**Suppose satisfy show that **

From this post on I will try to adopt a more casual tone in expounding the solution, with explanatory text mixing with the solution.

First, we see that the equation does not easily lead itself to non-trivial solution (the term is quite weird), therefore we decide to punish it by repeatedly substituting different values of variables until we can compare the information about the values to find a contradiction.

Setting , and cancelling gives .

Let be any integer, substituting will give us Since the LHS vanishes, we thus have or . Thus we only have to rule out the latter case and the proof is complete.

Notice that the functional equation, though strange in , behaves benignly when only the parity is concerned: in fact, setting , we have a ‘solution’ to it . Thus we want to consider parity. Setting , we have The RHS, incidentally, is always an even number, whereas the LHS is the function value of any even number. Thus maps even numbers to even numbers. (Note that the same cannot be said of odd numbers as is a solution to the equation.)

We aim to utilise the assumption that We let , for convenience. Let in the original equation, we obtain . Now we implant our initial strategy of trashing the function with repeated substitutions.

Let , we find Setting , we thus have thus . We thus know that and are all contained in the image of .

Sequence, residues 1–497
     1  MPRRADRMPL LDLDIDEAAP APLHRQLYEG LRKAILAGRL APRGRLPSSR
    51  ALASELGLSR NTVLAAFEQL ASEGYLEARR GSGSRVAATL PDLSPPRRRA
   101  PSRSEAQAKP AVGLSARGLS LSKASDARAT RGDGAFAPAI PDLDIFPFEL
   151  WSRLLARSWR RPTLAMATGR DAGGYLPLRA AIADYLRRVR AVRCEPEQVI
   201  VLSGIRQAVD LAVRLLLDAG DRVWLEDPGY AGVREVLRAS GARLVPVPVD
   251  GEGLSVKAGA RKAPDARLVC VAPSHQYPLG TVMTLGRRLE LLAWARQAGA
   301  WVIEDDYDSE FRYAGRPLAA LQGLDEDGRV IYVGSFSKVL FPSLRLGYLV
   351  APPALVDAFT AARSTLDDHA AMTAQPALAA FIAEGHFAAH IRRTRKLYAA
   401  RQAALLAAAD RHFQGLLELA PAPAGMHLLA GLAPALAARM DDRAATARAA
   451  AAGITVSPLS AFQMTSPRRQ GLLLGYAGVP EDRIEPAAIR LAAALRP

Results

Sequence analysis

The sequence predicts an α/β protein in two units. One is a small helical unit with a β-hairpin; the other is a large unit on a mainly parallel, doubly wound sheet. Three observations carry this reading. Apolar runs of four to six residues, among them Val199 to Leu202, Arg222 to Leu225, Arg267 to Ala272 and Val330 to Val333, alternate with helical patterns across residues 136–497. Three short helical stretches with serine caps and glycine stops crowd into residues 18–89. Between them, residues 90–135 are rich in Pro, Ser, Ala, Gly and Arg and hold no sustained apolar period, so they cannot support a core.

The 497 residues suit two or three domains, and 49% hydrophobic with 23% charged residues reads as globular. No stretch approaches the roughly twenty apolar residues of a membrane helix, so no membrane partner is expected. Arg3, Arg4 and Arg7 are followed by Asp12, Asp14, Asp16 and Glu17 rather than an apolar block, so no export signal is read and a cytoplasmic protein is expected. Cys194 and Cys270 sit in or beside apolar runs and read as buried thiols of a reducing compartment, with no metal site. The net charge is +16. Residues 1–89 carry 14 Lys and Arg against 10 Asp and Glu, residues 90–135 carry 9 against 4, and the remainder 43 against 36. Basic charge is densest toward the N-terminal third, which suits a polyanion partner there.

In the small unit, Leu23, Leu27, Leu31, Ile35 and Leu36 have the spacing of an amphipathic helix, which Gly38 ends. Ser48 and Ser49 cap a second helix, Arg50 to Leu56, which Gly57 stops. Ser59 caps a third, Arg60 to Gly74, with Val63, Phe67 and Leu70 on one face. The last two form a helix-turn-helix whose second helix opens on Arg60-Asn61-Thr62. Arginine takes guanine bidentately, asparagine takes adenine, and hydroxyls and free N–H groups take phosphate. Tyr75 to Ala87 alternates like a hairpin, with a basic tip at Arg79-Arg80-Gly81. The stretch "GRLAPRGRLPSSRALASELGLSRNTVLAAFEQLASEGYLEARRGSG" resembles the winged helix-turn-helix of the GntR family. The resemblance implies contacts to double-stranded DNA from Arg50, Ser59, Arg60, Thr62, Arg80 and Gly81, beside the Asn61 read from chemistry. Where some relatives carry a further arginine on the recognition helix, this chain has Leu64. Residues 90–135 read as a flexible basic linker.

Setting , we have .

Setting , we have . Setting in the place of .

Setting , we have .

Subtracting the two equations above, we get

(This is why we used instead of when , as that would permit us to subtract and reduce one term.)

Upto this point, we haven’t used any property of (we haven’t in fact used the parity condition). But in an Olympiad problem, we should aim to use all the given conditions, as the problems are almost always tailored such that the conditions just suffice for a solution using elementary method. Now we observe that the LHS of the equation (*) is the difference between two terms with distance apart, while the RHS has a factor that is also a difference between two terms with distance apart, with another factor whose absolute value is at least if we can make sure it is not zero. We want it to be . This can be done by inequality.

If , then is a constant on even number (with that value being thus as ) and a constant on odd number (with that value thus being as otherwise would not be in the range of .) Now, we have shown that is also in the image of the function, thus this is a contradiction.

Thus . Consider the set , with its minimal element being attained at . Substitute into (*), and take absolute value.

.

By the minimality condition, , and because it does not vanish (as the LHS is non-zero)

Multiplying them, we have equality in the face of two inequalities. Thus the two inequalities must have equality holding at the same time, thus . This is impossible since we have shown above that

Q.E.D.

Comment: The problem is not very difficult, and many alternative methods exist, as the function itself is quite bizarre and repeated substitution per se gives more and more information from which any contradiction would finish the problem off.

The problem is proposed by Qiang Shen, and used in a practice exam at Renhui Jiuzhang MO Tuition Centre (Beijing, China) in 2015.